March 4, 2010
If supplements are your bag and you’re heading to Expo West, there are some shifts in the pill world you might notice.
The news of the year is the latest entrant to the omega-3 world: krill. If you compare krill to fish oil, krill is only about 2 percent of the fish oil market. Seen that way, there’s a disproportionate number of krill companies compared to fish oil companies exhibiting at Expo West.
Krill is doubling in size every year. The entire krill market is around $25 million, and next year it will be at least $50 million, says Michey Schuett, director of sales and marketing at krill supplier Azantis. A substantial amount of growth, but it remains a fraction of fish oil’s hold on the market.
“Krill is not fish oil,” said Schuett. “The one commonality is EPA and DHA, but other than that it’s got totally different components than fish oil – it’s an omega-3 with phospholipids and astaxanthin. Fish oil has thousands of clinicals on it. Krill is an omega-3 that does other things.”
Another trend Expo attendees will see are the improving offerings of probiotics. Remember, it was only in 2005 when the idea of putting more than one probiotic strain into a supplement first became subject of debate. That debate is now over, with eight strains in a single supplement being fairly commonplace. Innovative companies are also putting prebiotic fibers like inulin or FOS – the probiotic lunchbox – into the mix.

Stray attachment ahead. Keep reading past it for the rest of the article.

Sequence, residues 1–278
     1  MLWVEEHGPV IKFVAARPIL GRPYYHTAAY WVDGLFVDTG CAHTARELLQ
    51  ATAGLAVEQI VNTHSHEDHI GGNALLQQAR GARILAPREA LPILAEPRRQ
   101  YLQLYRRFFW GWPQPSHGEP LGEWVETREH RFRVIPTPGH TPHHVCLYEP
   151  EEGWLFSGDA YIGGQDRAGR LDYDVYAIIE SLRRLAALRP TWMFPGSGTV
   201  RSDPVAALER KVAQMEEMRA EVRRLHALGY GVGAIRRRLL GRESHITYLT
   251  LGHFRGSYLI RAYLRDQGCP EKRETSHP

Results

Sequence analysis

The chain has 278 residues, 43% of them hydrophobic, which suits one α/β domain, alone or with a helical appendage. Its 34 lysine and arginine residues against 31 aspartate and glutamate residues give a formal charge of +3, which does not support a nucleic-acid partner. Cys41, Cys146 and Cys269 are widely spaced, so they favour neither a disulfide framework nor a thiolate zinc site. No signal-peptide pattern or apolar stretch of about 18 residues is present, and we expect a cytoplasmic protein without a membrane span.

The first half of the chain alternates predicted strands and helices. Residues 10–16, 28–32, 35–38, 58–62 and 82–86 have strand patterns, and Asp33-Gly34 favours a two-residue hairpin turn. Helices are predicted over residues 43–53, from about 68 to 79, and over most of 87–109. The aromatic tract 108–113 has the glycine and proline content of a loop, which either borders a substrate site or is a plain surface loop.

Also on the supps docket is vitamin D. Vitamin D started its run in 2008 when a deluge of research showed benefits for every health condition under the sun. It’s cheap, and easy to formulate with, so it’s in all manners of foods, drinks and supplements. The Institute of Medicine will come out with their revised daily intake recommendations in May. When that happens, 1,000 IU a day will seem tame, and 2,000 IU the natural health standard.
Brain health supplements are gaining in popularity because, um, I forgot. And where’s my car keys? Omega-3 DHA is leading the pack because research continues to show that it can help with ADHD, dyslexia, depression, the baby blues and even Alzheimer’s. Another hot brain-health ingredient is choline, a B vitamin used in the structure of cell walls and is important to the transmission of nerve impulses (neurotransmission).
Retailers must be mindful of branded ingredients that are not bona fide. A growing trend is suppliers who are taking their generic ingredient and dressing it up with the outward trappings of bona fide branded ingredients – catchy name, snazzy logo – without bothering with the under-the-hood aspects that make true branded ingredients special – published research, intellectual property portfolio.
To see what other things are above the sea floor besides fish and krill in the supplements year ahead, dip a toe in Hall B on the Expo show floor.
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